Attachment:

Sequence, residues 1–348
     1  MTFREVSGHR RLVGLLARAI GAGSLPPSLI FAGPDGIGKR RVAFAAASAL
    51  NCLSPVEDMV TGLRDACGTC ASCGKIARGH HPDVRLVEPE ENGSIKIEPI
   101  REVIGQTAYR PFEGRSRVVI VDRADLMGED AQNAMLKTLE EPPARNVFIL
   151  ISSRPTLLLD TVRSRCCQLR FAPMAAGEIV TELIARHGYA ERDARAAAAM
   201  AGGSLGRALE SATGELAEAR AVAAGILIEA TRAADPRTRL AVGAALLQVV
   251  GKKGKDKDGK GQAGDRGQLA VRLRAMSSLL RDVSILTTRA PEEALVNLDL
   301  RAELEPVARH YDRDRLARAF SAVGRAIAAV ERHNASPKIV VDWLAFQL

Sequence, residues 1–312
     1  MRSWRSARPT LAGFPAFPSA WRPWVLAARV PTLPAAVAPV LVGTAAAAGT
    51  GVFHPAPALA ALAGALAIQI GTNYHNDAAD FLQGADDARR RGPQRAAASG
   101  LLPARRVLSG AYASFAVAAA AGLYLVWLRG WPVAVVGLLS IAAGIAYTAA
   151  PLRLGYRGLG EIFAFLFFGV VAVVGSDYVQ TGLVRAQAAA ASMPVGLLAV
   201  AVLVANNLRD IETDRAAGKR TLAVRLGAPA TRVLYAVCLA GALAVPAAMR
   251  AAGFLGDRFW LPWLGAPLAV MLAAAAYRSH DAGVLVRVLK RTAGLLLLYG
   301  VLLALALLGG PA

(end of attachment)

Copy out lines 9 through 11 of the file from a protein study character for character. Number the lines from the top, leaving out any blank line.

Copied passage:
Sequence, residues 1–312
     1  MRSWRSARPT LAGFPAFPSA WRPWVLAARV PTLPAAVAPV LVGTAAAAGT
    51  GVFHPAPALA ALAGALAIQI GTNYHNDAAD FLQGADDARR RGPQRAAASG